On Activism & Authority

Where does activism fit in the museum? With the museum curators and staff, with the public, or some combination between the two?

Robert James and Pablo Helguera seem to provide a nice balance in this regard. James tells us what museums should be doing and how they should be structured to best contribute to civil society – “that space between the individual and the government” (James 123). James doesn’t delve deep into how we might actually achieve this, but Helguera provides one example. Helguera is speaking specifically of socially engaged art, but I think (hope) practices of collaboration/engagement/conversation between artists and the public are possible in other types of museums.

Specifically, museum professionals seem to be moving away from a pretend neutrality towards open activism. This shift still allows the museum to remain the top authority without input from public or communities that a museum serves. I was impressed with the socio-environmental programs James mentioned, but wonder what each actually looks like on the ground. How were these exhibits or programs accessible to and received by the public?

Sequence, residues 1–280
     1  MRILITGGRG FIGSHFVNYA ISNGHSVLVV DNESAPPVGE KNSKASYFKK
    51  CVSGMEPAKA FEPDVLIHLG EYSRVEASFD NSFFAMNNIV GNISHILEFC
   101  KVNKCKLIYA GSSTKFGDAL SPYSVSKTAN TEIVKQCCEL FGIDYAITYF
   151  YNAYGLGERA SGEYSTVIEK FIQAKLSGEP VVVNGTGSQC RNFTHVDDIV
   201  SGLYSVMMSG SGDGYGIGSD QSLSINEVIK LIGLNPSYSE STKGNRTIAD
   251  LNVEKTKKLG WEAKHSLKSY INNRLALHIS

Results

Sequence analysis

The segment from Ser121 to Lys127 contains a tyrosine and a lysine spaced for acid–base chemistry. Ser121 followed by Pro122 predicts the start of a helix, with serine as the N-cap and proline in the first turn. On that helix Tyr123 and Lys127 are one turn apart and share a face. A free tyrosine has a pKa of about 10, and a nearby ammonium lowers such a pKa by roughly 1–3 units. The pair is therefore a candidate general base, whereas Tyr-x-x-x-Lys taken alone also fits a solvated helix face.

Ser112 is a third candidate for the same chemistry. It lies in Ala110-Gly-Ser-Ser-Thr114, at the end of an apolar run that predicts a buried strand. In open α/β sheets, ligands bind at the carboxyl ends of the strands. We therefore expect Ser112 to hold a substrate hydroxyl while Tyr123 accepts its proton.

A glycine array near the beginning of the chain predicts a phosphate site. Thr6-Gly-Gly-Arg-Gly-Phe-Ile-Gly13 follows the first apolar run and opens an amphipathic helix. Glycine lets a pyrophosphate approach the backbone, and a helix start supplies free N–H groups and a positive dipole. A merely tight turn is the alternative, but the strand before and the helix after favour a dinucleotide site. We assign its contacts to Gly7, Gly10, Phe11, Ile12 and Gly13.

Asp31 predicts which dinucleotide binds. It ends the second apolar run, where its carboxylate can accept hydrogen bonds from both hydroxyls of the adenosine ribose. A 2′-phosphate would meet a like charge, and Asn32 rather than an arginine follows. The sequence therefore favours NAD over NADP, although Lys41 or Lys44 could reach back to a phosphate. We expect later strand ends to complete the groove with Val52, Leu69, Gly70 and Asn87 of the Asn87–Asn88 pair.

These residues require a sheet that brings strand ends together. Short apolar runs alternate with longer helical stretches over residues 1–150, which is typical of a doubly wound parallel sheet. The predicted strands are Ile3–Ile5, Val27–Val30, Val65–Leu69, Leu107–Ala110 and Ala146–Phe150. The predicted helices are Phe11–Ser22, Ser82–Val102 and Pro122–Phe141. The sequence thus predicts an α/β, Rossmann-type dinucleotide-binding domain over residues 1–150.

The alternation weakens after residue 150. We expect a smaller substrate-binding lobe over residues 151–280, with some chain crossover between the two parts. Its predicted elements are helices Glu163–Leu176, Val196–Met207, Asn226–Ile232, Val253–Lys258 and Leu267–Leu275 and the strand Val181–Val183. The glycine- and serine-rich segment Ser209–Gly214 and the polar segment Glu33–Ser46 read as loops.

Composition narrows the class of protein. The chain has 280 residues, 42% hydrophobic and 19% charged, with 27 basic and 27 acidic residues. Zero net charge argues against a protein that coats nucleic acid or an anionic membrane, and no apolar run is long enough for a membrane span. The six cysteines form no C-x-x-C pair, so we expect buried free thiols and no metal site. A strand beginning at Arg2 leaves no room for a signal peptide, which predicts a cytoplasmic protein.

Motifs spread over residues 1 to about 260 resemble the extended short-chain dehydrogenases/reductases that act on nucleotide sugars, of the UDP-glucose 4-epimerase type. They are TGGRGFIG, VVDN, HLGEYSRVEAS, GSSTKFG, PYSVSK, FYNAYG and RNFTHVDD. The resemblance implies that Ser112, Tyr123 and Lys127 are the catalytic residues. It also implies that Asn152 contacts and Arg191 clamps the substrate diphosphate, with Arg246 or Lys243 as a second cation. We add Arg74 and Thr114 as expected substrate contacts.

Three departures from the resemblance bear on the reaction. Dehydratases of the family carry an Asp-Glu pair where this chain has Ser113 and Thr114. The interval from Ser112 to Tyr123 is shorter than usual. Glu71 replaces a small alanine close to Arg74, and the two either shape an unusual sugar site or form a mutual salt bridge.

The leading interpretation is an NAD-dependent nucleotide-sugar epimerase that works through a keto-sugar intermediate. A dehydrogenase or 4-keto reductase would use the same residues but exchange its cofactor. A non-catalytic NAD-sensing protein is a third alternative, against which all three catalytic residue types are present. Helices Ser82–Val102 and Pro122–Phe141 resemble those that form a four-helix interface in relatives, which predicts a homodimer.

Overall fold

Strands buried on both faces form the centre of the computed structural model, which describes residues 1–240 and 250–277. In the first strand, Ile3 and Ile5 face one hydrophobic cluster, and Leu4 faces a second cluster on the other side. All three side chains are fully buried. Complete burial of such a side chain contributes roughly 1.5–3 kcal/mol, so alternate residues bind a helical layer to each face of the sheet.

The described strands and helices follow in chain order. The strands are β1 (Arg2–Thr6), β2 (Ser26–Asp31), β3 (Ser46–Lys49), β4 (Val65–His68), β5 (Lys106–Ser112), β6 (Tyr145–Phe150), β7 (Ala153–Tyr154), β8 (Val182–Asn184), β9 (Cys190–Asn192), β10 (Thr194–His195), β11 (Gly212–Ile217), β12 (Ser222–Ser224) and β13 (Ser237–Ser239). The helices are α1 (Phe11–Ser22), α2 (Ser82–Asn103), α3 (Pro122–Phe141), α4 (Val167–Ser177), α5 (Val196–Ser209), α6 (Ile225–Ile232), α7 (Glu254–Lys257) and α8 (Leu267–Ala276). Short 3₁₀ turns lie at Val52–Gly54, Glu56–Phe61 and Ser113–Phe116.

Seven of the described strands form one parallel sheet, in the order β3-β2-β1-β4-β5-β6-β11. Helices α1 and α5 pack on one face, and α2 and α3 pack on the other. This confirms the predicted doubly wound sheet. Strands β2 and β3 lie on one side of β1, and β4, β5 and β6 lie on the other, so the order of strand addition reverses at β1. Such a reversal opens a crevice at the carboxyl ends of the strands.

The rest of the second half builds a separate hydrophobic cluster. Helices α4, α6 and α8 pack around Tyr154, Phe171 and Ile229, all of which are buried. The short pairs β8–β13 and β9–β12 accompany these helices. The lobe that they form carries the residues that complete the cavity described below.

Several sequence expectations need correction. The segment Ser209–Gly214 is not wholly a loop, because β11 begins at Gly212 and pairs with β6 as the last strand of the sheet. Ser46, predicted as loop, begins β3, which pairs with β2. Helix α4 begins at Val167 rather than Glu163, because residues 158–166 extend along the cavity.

I find myself engaged with new climate change networks in Canada and the UK (the US does not have a defined network). In each, professionals from multiple museums have come together to consider how museum collections, education, structures can address climate change. What should a new activist network take into consideration regarding shared authority and engagement?

Leave a Reply

Your email address will not be published.